An Australian hospital is home to a world’s first device that could save millions of lives and help people with common chronic conditions.
A Sydney hospital is now home to the world’s first dedicated lung scanner, in hopes of saving the lives of millions of people with serious lung conditions.
Designed and manufactured in Australia, the XV Scanner can produce detailed lung function information in real time.
Its designers say it will detect disease earlier and can be used to more accurately monitor chronic respiratory conditions.
It is hoped that the device will make a big difference for people with conditions such as chronic obstructive pulmonary disease, cystic fibrosis and asthma.
Developed by Australian medical technology company 4DMedical, the state-of-the-art equipment was unveiled at Prince of Wales Hospital on Thursday.
It will be used by researchers and clinicians at the University of New South Wales and Sydney Children’s Hospital, including leading lung health expert Professor Adam Jaffe.
4DMedical CEO Dr Andreas Fouras described the technology as a “transformative moment in the history of lung health”.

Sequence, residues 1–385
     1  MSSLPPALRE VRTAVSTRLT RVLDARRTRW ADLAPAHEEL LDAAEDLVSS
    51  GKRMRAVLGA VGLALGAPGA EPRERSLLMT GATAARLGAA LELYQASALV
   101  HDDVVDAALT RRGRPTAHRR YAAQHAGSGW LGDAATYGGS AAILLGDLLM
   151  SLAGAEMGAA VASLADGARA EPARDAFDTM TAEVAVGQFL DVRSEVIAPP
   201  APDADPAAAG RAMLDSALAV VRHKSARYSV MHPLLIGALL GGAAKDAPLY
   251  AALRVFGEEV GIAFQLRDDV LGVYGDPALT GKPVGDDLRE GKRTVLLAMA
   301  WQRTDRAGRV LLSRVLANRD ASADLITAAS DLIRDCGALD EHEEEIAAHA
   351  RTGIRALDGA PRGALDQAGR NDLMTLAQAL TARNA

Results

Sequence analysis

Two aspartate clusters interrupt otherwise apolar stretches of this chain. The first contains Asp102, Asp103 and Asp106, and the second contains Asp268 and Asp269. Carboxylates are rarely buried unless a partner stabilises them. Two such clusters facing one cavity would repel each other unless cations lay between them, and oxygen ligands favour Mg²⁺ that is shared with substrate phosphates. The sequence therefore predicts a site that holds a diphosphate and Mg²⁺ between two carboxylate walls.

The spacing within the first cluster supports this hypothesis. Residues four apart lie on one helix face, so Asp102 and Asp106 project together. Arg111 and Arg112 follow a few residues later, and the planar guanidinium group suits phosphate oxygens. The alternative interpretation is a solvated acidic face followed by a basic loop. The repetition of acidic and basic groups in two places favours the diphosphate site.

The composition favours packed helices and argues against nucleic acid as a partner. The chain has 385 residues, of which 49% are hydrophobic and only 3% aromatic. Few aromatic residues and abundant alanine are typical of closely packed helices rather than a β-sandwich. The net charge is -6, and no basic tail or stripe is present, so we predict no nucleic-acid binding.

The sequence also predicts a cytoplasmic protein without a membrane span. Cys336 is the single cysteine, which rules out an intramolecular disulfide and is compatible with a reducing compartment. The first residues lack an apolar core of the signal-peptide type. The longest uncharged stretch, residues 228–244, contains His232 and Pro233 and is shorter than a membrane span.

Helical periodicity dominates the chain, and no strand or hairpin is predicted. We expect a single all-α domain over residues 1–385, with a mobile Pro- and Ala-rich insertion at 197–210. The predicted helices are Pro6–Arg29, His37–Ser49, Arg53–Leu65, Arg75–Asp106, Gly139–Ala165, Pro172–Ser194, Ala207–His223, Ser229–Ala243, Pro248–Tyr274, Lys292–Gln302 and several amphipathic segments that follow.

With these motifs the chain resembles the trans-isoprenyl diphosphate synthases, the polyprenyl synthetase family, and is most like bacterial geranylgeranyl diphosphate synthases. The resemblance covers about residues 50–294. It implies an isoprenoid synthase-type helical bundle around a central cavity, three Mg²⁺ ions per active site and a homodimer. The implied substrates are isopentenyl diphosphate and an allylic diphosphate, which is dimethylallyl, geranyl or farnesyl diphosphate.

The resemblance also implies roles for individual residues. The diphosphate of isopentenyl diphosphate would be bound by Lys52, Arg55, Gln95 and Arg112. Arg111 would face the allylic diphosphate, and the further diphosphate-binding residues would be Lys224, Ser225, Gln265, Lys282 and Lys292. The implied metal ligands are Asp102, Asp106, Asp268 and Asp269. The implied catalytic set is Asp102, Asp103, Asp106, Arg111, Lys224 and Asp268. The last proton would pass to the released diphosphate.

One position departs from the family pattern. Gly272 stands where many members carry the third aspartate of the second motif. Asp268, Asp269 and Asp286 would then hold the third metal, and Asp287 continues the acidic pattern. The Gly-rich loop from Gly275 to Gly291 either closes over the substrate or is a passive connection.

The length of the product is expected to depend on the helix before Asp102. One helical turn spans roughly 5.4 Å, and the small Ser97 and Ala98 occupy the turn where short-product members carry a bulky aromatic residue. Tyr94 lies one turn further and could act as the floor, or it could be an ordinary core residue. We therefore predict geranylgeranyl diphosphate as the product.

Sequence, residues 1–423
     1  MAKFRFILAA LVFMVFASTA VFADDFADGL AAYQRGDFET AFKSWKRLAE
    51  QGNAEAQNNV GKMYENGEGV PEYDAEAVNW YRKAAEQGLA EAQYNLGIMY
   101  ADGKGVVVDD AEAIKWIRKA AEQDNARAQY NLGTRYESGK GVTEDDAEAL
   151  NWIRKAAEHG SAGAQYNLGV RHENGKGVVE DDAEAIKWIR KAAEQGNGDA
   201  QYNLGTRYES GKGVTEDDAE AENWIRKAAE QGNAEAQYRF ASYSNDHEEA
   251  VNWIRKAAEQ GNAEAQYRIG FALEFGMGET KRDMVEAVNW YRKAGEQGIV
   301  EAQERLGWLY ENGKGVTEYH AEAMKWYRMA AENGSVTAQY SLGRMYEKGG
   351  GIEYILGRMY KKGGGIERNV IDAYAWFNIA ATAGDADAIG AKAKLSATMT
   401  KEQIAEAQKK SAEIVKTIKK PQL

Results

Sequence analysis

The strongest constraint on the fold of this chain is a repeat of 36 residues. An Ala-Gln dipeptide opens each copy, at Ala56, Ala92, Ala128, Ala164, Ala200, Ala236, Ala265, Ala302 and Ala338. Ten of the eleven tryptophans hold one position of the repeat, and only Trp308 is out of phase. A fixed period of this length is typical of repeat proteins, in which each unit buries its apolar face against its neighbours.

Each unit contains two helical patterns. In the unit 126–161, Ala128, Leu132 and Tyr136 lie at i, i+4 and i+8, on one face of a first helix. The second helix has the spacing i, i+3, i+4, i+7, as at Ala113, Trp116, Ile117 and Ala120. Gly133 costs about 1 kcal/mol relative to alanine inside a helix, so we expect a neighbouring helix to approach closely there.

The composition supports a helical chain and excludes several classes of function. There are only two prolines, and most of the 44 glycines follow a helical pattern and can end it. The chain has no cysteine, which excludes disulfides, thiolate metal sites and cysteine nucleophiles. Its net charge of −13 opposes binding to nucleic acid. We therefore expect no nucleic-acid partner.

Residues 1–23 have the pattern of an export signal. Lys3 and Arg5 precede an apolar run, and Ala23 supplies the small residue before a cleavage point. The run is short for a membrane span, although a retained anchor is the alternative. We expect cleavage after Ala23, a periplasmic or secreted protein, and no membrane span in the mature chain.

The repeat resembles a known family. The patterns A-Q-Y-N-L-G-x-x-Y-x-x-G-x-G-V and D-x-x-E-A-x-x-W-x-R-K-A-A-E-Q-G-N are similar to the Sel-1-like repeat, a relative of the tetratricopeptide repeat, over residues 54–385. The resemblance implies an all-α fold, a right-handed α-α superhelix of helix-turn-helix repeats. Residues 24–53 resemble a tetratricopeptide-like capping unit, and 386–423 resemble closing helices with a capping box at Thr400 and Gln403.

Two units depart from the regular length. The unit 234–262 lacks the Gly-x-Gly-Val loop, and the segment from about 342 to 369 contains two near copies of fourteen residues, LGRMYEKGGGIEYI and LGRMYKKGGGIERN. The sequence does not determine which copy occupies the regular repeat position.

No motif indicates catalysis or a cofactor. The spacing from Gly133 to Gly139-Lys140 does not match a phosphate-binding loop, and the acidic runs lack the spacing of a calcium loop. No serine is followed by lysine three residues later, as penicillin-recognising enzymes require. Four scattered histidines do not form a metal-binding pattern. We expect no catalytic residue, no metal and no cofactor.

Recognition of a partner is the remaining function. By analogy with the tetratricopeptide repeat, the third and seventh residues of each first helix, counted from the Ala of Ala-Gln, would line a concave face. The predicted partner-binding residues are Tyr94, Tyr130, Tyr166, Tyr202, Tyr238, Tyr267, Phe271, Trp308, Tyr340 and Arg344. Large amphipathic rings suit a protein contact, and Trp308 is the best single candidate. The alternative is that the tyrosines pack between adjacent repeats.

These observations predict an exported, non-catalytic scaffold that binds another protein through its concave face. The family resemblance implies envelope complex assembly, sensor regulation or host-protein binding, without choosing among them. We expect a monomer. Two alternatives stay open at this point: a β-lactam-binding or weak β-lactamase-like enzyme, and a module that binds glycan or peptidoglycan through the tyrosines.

Funding of $28.9 million through the federal government’s $20 billion Future of Medical Research Fund helped make the scanner possible.
Dr Fouras said the process would not have been possible without the financial backing, which funded the development of the scanner technology through to commercialization.
Health Minister Greg Hunt described the scanner as an example of Australia punching above its weight in the world of health and medical research.
“Every Australian should be proud of this breakthrough medical technology platform made in Australia,” he said.
“Our government continues to provide unprecedented support for health and medical research, as we support our best and brightest researchers to turn today’s ideas into breakthrough treatments for tomorrow’s patients.